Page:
I recently re-read Anne Fadiman’s The Spirit Catches You and You Fall Down (1997) — a book that chronicles the failures of US medical culture to reckon with the realities of one Hmong family caring for their epileptic toddler. Some aspects of the book have dated since its publication, but it remains a very powerful example of threading a geopolitical and historical story through a deeply personal, local event. Writers of narrative nonfiction will also find, in The Spirit Catches You, a compelling model for what journalists recognise as a ‘tick-tock’ story: a chronological account, told blow-by-blow, where the tension arises not from knowing the outcome but from understanding how events compound.
Emily Voigt’s The Dragon Behind the Glass (2016) is about a breed of aquarium fish that was briefly the subject of a craze. Interestingly, the book mobilises the conventions of a spy-novel, though of course it’s nonfiction — so it’s a good lesson in what can be borrowed from genre-fiction. I admire Voigt for her characterisations (even in nonfiction we need to turn real people into lively characters), as well as for her book’s structure: she deploys the end-of-chapter cliff-hanger very artfully.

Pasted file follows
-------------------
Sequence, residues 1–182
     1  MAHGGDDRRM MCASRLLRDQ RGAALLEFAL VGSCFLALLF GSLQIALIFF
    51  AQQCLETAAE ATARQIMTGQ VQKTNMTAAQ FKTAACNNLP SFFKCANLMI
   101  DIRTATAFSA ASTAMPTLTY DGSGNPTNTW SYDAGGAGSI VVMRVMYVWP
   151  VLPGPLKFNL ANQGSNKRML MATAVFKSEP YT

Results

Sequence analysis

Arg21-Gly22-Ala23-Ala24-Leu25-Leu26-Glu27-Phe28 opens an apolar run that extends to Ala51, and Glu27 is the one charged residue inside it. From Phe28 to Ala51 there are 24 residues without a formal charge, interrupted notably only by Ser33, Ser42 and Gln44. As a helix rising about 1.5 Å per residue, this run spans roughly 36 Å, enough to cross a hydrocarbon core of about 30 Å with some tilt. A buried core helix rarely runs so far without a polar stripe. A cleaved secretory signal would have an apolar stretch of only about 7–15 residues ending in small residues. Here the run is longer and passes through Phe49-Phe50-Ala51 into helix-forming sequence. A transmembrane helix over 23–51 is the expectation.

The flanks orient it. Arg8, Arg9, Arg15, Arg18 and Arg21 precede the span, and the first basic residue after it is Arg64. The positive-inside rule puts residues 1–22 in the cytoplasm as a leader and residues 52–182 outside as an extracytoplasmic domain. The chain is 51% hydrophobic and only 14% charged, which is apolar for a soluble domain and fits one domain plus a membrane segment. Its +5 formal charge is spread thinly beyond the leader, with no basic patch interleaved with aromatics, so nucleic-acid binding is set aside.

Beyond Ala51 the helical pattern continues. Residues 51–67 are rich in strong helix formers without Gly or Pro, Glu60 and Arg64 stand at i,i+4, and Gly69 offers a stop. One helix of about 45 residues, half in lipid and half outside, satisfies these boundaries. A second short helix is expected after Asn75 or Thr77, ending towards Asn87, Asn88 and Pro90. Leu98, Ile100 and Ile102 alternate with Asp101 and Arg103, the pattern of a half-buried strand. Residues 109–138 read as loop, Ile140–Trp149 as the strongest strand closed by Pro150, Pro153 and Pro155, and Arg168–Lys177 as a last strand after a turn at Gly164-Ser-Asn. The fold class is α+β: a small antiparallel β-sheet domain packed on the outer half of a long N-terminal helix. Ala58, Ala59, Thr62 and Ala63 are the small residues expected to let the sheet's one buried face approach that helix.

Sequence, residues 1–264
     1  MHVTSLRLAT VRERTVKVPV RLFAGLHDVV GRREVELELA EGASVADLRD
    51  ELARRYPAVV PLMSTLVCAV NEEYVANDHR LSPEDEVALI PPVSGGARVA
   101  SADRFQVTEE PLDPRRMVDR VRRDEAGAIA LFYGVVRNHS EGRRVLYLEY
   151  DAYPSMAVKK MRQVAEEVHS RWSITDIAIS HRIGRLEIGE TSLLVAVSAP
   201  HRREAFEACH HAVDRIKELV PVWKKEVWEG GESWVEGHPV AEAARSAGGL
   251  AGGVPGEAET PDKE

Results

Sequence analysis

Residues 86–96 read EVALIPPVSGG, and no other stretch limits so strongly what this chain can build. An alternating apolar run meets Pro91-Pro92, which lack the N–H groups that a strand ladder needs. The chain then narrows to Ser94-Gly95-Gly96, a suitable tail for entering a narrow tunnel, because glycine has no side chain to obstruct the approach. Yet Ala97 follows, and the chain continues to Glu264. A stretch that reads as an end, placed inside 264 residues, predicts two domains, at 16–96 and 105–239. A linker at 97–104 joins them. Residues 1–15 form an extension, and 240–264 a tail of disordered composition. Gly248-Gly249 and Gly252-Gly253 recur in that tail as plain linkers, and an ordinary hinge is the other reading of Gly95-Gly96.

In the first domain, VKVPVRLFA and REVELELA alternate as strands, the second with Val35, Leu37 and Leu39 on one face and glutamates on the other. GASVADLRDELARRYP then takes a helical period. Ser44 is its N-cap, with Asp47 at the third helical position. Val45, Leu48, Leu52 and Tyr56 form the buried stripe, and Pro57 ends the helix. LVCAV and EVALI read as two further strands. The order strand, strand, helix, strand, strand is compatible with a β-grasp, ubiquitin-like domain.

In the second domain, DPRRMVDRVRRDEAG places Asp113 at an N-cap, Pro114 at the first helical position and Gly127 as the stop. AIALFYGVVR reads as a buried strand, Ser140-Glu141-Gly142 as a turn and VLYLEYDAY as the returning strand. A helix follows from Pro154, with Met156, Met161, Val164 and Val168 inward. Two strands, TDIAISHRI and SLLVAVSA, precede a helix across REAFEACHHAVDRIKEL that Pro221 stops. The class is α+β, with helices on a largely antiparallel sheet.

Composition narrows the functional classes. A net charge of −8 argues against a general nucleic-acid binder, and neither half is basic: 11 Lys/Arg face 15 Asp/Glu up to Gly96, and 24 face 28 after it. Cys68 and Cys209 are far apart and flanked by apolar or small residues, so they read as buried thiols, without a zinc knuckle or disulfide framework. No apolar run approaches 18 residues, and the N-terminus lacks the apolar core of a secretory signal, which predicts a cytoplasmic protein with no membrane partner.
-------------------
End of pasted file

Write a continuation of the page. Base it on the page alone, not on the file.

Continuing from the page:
Right now I’m reading Suzanne Simard’s Finding the Mother Tree (2021) for a review. It’s a memoir, but also a book about forestry and fungi science. Finding the Mother Tree makes wonderful use of dialogue, and brings facts to life with copious amounts of sense-information (smell, sound, scent etc). The book is light on writerly pyrotechnics — it’s chronologically structured, and the scenes are written with a focus on action — but it brings to light some very complex science in a way that is utterly engaging. You’re with Simard on every step of her journey.
— Rebecca Giggs, February 2021
Writing Creative Nonfiction Stage 1 with Rebecca Giggs
23 March – 8 June 2021
The Book Proposal: Writing Creative Nonfiction Stage 2 with Rebecca Giggs
26 June – 29 July 2021